Understanding how people work is as important as learning how the world works
What can we learn about the process of learning? This is the question that Saul Perlmutter, winner of the 2011 Physics Nobel Prize, has been trying to address in the past few years. He is no stranger to attempting to solve deep and complex questions. He was awarded with the Nobel prize for the discovery of the accelerating expansion of the Universe through observations of distant supernovae.
Perlmutter is looking for a way to teach critical thinking used in science, not only to future scientists but to everyone. In a podcast interview with EuroScientist, Perlmutter shares his vision to build a curriculum to transmit the scientific research culture to students of all levels and backgrounds.
Perlmutter, a professor of physics at the University of California, Berkeley, USA, and a faculty senior scientist at Lawrence Berkeley National Laboratory, believes that if society would use science as a toolbox to solve some of the public policy or economic problems, it would have high chances of success.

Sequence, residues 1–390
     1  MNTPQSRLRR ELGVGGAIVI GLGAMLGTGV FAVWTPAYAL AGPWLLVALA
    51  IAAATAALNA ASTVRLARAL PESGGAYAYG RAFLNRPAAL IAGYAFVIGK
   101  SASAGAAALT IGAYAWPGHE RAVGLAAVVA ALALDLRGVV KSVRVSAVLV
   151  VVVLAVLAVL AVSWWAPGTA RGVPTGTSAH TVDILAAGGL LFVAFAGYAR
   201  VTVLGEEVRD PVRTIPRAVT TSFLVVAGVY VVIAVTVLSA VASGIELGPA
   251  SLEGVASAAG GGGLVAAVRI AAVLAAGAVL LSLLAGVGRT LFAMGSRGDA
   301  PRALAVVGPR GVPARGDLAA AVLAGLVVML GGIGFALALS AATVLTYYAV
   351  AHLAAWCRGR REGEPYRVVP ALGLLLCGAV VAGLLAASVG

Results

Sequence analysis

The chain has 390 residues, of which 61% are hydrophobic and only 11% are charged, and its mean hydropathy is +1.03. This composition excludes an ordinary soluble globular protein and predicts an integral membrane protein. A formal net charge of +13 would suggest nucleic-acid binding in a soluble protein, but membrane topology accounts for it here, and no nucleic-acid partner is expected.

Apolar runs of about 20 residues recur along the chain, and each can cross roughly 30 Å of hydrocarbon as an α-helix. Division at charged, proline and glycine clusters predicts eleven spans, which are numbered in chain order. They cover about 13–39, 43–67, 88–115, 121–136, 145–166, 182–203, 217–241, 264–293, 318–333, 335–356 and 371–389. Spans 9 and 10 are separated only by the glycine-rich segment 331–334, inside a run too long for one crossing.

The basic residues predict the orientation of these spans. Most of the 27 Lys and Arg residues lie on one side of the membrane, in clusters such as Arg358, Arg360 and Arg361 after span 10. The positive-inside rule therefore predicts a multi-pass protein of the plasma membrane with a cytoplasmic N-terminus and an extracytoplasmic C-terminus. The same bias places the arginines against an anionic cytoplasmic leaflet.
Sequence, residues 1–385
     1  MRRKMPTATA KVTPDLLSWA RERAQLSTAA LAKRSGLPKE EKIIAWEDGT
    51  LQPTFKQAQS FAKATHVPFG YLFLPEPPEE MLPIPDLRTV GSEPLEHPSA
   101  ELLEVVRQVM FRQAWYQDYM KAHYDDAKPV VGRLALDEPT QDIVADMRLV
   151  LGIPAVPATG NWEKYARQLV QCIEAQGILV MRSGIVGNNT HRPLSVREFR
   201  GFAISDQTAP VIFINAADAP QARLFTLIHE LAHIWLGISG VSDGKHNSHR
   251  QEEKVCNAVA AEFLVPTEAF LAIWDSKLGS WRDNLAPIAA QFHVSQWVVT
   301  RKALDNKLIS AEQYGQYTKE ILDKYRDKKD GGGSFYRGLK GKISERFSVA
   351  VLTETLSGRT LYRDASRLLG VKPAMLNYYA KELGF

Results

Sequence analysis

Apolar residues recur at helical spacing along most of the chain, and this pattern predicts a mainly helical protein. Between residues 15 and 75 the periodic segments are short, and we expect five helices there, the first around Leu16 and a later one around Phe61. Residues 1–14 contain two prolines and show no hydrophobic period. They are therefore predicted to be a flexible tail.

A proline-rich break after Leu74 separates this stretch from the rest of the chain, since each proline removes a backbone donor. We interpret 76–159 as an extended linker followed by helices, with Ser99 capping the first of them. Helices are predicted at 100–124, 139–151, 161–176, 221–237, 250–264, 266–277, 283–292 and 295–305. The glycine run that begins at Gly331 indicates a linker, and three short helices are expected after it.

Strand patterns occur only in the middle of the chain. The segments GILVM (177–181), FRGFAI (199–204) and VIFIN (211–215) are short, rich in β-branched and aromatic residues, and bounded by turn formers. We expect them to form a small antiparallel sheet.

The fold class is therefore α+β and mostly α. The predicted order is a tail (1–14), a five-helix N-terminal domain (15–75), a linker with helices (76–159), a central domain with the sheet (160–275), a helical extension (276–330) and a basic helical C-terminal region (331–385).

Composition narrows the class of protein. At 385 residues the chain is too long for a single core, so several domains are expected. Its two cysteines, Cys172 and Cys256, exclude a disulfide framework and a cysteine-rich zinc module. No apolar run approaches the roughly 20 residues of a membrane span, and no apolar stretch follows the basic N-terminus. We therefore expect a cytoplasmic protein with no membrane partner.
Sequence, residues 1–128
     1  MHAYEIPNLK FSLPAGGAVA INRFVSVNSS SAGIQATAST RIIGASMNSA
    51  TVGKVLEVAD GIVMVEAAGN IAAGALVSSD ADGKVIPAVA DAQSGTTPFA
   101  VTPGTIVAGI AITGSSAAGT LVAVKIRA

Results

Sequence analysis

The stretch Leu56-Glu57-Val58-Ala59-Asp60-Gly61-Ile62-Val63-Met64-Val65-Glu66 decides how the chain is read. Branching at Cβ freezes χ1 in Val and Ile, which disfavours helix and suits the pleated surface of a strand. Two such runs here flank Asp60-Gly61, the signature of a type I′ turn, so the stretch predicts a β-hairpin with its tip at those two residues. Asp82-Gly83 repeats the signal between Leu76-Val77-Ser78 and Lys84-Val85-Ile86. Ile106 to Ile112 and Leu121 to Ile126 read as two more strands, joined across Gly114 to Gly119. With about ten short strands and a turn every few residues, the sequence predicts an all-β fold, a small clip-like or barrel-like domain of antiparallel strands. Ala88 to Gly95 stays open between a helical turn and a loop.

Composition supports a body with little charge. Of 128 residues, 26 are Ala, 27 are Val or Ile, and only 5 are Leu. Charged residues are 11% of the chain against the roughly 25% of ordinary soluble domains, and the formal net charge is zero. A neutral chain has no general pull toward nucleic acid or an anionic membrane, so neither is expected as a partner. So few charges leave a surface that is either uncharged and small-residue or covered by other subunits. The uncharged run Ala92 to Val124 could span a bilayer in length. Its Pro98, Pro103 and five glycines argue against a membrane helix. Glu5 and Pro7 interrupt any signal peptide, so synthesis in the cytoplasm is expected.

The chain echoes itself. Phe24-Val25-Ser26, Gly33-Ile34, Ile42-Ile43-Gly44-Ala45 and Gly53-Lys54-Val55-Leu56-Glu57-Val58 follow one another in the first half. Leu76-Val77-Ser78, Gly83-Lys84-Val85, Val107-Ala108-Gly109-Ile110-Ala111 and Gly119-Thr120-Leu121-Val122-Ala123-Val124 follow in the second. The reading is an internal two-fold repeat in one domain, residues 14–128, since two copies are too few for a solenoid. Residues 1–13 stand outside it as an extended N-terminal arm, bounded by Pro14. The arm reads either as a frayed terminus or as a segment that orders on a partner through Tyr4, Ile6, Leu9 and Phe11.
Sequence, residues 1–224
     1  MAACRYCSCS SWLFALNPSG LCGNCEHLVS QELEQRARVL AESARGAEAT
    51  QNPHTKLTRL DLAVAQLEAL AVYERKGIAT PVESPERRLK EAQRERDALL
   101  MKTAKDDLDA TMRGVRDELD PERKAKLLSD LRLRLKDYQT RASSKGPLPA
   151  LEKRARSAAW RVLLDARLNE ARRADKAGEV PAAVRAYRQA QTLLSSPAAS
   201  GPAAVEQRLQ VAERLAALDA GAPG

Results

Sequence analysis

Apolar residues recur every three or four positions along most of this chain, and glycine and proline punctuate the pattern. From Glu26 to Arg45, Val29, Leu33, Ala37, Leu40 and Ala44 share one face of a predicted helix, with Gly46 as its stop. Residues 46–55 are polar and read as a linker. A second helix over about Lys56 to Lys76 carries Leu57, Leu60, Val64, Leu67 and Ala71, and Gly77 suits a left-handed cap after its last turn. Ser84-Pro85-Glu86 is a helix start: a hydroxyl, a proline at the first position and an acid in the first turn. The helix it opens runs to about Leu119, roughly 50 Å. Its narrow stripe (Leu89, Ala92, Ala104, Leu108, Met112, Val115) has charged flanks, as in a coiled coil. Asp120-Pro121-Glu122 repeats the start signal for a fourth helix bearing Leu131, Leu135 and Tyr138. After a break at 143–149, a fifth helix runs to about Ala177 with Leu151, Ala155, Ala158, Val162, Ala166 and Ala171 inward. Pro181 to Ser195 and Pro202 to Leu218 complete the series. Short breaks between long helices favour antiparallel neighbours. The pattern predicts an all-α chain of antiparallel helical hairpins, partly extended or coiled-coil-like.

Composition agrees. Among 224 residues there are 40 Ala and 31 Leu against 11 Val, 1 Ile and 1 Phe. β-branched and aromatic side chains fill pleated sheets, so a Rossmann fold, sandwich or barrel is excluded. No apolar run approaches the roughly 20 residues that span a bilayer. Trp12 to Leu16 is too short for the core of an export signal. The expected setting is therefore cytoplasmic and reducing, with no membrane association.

Reflecting on what science has taught him, he thinks that there are three important lessons. First, difficult problems are worth working on for a long time. Second, people have to be open to being wrong. And third, teamwork is fundamental when making decisions.
Concluding his lecture to the hundreds of young researchers that attended the 65th Lindau Nobel Laureate Meeting, in June 2015, in Germany, he pointed out: “Science as a collection of heuristic tricks continually being invented to side-step our mental weaknesses and play to our strengths.”
Featured image credit: CC BY NC 2.0 by Adrian Schröder
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